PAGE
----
The Battle of Poitiers was fought between the Kingdom of England and France on September 19, 1356, resulting in the second of the three great English victories of the Hundred Years' War. The king of France was captured and ransomed but the ransom was not paid. Kingly power had started to be accompanied by Parliamentary power as nations emerged as entities other than the personal jurisdictions of monarchs. The Hundred Years’ War stimulated the development of Parliament in both nations.
On August 8, 1356, Edward, the Black Prince began a great chevauchée (raid) north from the English base in Aquitaine, in an effort to relieve allied garrisons in central France, as well as to raid and ravage the countryside. His sortie met little resistance; his Anglo-Gascon forces burned numerous towns to the ground until they reached the Loire River at Tours. His army was unable to take the castle or burn the town due to a heavy downpour. His delay there allowed John II of France (1319-1364) to attempt to catch his army and eliminate it. The king, who had been confronting John of Gaunt, Duke of Lancaster (1340-1399) in Normandy, arranged the bulk of his army at Chartres to the north of the besieged Tours, dismissing around 15,000–20,000 of his low-grade infantry to increase the speed of his forces. This made the two armies surprisingly similar in size, an unusual occurrence in the Hundred Years’ War.
Upon receiving reports of the French army on the move, Edward decided a retreat was in order. He marched south pursued in earnest by John. The French caught up to the English a few miles southwest of Poitiers. A veteran of the battle of Crécy, at which he had fought when he was only 16 years old, Edward decided on the same tactical scheme employed at that earlier battle. He positioned his troops in a strongly defensive position, in a plain surrounded by natural obstacles, such as a creek on the left and a wood on the back. The luggage wagons, with a great amount of plunder, remained along the old Roman road, the main route from Poitiers to Bordeaux, to give protection to his weak right side. All his men dismounted and were organized in two, perhaps three units, with the Welsh-English longbowmen placed in a V-formation on both flanks. Edward kept a small cavalry unit, commanded by Jean de Grailly, the Captal de Buch, hidden in the woods at the rear.
The attacking French forces were divided in four parts. At the front were around three hundred elite knights, commanded by General Clermont and accompanied by German mercenary pikemen. The purpose of this group was to charge the English archers and eliminate the threat they posed. These were followed by three groups of infantry (dismounted cavalry) commanded by the Dauphin (later Charles V of France), the Duke of Orléans and King John.
At the beginning of the battle, the English simulated flight on their left wing. This provoked a hasty charge by the French knights against the archers. However, they were expecting this and quickly attacked the enemy, especially the horses, with a shower of arrows. Froissart writes that the French armor was so invulnerable to the English arrows that the arrowheads either skidded off the armor or shattered on impact. The armor on the horses, however, was weak on the sides and back, so the English archers moved to the sides of the cavalry and shot the horses in the flanks. The results were devastating.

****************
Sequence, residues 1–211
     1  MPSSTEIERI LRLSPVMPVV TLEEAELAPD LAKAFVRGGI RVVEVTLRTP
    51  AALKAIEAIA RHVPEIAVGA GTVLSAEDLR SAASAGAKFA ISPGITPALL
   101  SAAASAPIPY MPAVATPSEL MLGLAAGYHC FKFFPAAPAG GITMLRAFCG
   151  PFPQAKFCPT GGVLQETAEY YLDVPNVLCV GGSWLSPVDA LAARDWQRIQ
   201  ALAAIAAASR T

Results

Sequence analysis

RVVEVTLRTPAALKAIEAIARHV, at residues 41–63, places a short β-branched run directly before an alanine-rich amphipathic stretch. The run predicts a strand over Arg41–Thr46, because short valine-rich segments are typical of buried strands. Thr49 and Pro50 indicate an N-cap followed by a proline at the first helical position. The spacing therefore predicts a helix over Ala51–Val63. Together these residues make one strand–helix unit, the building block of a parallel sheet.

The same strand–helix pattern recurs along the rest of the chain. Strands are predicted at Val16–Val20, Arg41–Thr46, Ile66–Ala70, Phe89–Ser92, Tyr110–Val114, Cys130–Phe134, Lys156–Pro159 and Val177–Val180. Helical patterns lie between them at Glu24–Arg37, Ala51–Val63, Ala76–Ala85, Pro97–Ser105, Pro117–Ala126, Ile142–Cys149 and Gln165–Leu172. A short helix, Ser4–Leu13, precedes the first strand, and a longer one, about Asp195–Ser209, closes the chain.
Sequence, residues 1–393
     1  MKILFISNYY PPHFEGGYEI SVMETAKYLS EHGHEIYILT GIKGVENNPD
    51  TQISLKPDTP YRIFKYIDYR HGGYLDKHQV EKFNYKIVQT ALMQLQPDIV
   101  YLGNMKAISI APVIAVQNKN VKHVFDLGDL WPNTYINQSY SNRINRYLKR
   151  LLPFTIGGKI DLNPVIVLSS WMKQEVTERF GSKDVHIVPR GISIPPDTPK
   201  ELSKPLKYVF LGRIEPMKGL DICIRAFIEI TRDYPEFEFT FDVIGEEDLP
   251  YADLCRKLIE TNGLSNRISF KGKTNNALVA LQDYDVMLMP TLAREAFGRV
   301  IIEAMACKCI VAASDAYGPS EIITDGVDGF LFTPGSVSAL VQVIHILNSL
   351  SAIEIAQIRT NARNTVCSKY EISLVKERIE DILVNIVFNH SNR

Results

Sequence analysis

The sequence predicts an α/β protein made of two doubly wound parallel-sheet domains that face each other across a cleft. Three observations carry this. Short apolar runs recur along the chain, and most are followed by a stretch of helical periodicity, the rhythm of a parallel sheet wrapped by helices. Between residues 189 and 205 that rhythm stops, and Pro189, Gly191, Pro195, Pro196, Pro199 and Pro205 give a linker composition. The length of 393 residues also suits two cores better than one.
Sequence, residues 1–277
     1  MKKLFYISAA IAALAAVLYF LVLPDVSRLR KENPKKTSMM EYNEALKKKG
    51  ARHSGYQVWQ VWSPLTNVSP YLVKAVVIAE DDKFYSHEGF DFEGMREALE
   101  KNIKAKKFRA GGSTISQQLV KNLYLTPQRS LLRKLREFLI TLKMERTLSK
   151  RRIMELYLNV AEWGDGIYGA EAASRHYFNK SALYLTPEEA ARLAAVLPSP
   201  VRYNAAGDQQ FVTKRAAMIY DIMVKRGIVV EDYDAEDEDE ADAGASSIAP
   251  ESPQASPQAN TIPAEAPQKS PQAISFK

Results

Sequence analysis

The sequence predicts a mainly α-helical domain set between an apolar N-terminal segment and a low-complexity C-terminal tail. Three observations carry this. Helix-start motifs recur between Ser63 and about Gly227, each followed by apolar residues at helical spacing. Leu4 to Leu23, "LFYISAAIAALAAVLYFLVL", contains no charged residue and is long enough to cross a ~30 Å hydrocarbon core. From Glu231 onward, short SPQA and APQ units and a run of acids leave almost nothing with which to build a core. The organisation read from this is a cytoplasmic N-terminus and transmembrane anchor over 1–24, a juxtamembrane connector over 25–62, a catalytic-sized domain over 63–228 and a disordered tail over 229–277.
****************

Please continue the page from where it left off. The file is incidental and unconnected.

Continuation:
This attack was followed by the Dauphin's infantry, who engaged in heavy fighting, but withdrew to regroup. The next wave of infantry under Orléans, seeing that the Dauphin's men were not attacking, turned back and panicked. This stranded the forces led by the king himself. This was a formidable fighting force, and the Welsh archers were out of arrows: the archers joined the infantry in the fight and some of both groups mounted horses to form an improvised cavalry. Combat was hard, but Edward still had a mobile reserve hidden in the woods, which were able to circle around and attack the French in the flank and rear. The French were fearful of encirclement and attempted to flee. King John was captured with his immediate entourage.
The result was a decisive French defeat, not only in military terms, but also economically: France would be asked to pay a ransom equivalent to twice the country's yearly income to have its king back—an impossible sum—and he would eventually die a prisoner in England. In many ways, Poitiers was a repeat of the Battle of Crécy, showing once again that tactics and strategy can overcome a minor disadvantage in numbers. As Edward wrote shortly afterward in a letter to the people of London:
...it was agreed that we should take our way, flanking them, in such a manner that if they wished for battle or to draw towards us, in a place not very much to our disadvantage, we should be the first...the enemy was discomfited, and the king was taken, and his son; and a great number of other great people were both taken and slain...
King John had to be ransomed back by the French. The English demanded a sum that was the equivalent of half of Frances' annual income. He died as a prisoner in England. The French also had to accept the terms of the Treaty of Bretigny (1360), which ended the first phase of the Hundred Years’ War. The treaty ceded extensive territories in the North to the English. Hostilities recommenced in 1369. Edward III of England renounced his claim to the French throne. Although the French troops only slightly outnumbered the English, the battle would enter the British mythos as one in which its skilled bowmen out maneuvered the French to rescue victory from the face of defeat.
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